342 – December 8
“Speak when you are angry and you will make the best speech you will ever regret.”—Ambrose Bierce
We rub up against each other the wrong ways sometimes. Like trying to force a jigsaw puzzle piece into the wrong slot, we try to make others fit into our picture. What we mean to create gets lost, misunderstood. Fights erupt, grudges carried, friendships broken. We listen but do not hear, for our understanding is blocked by the stone walls of our own perception.
Linda, my friend, fellow writer and proposal coach, called today to offer help with my book proposal. I had gotten a very positive response from a publisher and was waiting to hear whether they were going to make an offer to buy it. Linda thought that we could spend additional time and energy polishing the proposal and the combination of our positive focus and work would help the project along. I thought she was telling me the proposal wasn’t good enough yet and I’d better do some more work on it or it wasn’t going to sell. To say she didn’t find me in a receptive mood is a rather gross understatement.
“The proposal is fine just as it is!” I exclaimed. “It doesn’t need to be redone a fourth time! One of these publishers is going to buy it soon and I don’t have to polish it again!” Linda quickly backpedaled, tried to explain; I wasn’t buying it. Here was Linda, trying to help, and I bit her nose off. I felt she was telling me my book hadn’t been picked up because the proposal wasn’t good enough. Playing the waiting game while trying to keep my thoughts positive was stretching my fragile nerves tauter than I realized. I’m not proud of my response. St. Chellie would never have responded this way.
We hung up the phone quickly, but both of us sat with the negative energy and fought mental battles. She wrote me a letter, I wrote this page; I called her back. We explained our intentions, our feelings, our love, mutual admiration, and respect. Our friendship held, peace and equanimity restored.
Sometimes our words belie our intentions. “Do unto others as you would have them do unto you,” doesn’t always work. What they want done isn’t always the same as what we want done. As an actress, I watched directors at work—some yelled at all the actors; some coddled all the actors. But the best directors yelled at the ones that needed yelling at, coddled the ones that needed more confidence, left alone the ones who needed to work things out alone. Linda is a fabulous writer and in her meticulous attention to detail produces work much closer to perfection than I. I rush to completion, let the details fall where they may, and get done faster. They are different styles of work and behavior, and we each have much to gain from the other.
When her blue meets my red, a clash may occur, but if we keep talking, reaching for understanding with compassion and love, we create purple.
“I enrich my life with wonderful friendships in rainbow colors.”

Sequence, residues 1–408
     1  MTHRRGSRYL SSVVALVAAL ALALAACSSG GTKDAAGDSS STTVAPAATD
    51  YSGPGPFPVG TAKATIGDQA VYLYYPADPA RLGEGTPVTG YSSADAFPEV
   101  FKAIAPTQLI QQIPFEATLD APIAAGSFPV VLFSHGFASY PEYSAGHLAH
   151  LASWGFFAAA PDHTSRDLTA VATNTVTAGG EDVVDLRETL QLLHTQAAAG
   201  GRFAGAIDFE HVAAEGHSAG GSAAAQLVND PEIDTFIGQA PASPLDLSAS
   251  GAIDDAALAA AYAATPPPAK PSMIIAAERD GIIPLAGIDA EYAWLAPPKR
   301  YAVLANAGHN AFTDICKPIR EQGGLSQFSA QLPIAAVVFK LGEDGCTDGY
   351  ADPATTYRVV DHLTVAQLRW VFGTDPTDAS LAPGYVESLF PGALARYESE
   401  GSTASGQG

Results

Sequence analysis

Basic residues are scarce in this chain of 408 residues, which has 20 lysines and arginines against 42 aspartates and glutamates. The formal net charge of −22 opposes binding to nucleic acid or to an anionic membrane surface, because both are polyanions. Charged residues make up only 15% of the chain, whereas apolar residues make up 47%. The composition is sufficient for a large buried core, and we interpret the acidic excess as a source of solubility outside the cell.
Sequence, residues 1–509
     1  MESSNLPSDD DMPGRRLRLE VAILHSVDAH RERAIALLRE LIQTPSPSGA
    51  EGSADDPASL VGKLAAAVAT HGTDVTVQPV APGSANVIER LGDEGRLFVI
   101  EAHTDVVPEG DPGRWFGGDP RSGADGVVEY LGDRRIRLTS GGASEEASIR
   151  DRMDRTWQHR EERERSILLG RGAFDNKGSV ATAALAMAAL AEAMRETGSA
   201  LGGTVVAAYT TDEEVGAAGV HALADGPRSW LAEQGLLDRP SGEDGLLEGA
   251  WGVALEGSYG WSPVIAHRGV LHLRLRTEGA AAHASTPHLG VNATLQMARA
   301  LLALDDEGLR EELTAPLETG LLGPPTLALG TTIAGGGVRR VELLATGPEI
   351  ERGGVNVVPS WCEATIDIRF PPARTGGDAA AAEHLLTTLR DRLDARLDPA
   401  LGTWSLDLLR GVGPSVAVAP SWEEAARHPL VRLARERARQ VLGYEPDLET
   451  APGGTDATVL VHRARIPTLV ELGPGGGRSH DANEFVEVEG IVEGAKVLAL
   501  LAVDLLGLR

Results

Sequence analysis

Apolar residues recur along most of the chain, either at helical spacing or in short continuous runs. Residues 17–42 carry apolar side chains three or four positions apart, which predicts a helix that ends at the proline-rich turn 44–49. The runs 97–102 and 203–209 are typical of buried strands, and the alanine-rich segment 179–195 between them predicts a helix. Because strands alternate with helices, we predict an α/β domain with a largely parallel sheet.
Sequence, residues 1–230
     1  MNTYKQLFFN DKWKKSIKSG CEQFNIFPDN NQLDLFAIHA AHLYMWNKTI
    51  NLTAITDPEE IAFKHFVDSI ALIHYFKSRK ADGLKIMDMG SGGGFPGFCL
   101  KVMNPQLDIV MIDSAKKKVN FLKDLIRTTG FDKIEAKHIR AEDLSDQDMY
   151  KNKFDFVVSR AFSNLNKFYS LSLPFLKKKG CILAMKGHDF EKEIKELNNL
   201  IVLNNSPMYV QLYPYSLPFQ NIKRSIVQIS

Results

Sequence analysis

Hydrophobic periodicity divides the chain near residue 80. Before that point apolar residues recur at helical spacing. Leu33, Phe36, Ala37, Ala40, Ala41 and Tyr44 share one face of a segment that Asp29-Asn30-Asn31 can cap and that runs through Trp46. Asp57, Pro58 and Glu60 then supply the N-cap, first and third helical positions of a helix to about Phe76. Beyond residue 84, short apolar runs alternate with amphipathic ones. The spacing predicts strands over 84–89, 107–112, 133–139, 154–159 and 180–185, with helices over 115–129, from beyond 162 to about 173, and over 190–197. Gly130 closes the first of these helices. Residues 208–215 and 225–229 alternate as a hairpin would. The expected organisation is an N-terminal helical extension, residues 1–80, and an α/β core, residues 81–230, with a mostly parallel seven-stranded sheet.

Anger is actually a good tool to have in your toolbox. I know because for years I didn’t have it. In my family growing up, it just wasn’t okay to be ill-tempered, out-of-sorts, or angry. If you were, you were sent to your room to collect yourself. This was really great for a peaceful, conflict-free atmosphere at home most of the time. However, when I needed to be angry or fight back out in the world, I was missing that ability, having squelched angry feelings for so many years. Like when my husband yelled at me, I froze. Yelling scared me – I wasn’t used to it. I just wanted to tell him “Go to your room and settle down!” Not really effective.
After my divorce, bit by bit I got reaquainted with my anger. I watched other people who had a healthy sense of balance and who were lovely, kind, and even-tempered most of the time but who could get their dander up and draw the line in the sand and yell back at someone at appropriate moments. It was a skill I needed to learn, so I studied it. You see, if you don’t have the potential for anger, you will often get pushed too far, compromise your values to keep the peace, and otherwise behave as a tuna.
Playing poker helped me with this. Nothing can make you more ill-tempered than losing money, especially when other people are winning your money and lording it over you. Argh. One night, a woman (I’ll call her Susie) was drinking heavily, winning a lot of pots, and laughing and loudly making fun of everyone else, cackling that they were bad players and deserved to lose, etc. My patience was wearing thin when she won yet another pot against a lovely older gentleman who she then raked over the coals, calling him a stupid player. She was standing up and laughing, and sitting next to her, I said, “Come on, Susie, settle down and sit back down.”
“Don’t tell me what to do, you freaking bitch!” she screamed.
That was it for me. I stood up, looked her dead in the eye, and yelled back even louder, “I’m not a freaking bitch – you’re a freaking bitch!”
Whoa! That completely shocked her. The floorman came running over and got between us and suggested there was a seat in another game if one of us would like to move. I stood my ground. I was really mad! And she left to go to the other game.
As I sat back down, the other players at my table smiled at me and applauded. Hee.
After that, when another player would snipe at me or cause a problem at the table, the other players would shush him and say, “Don’t make the redhead mad.”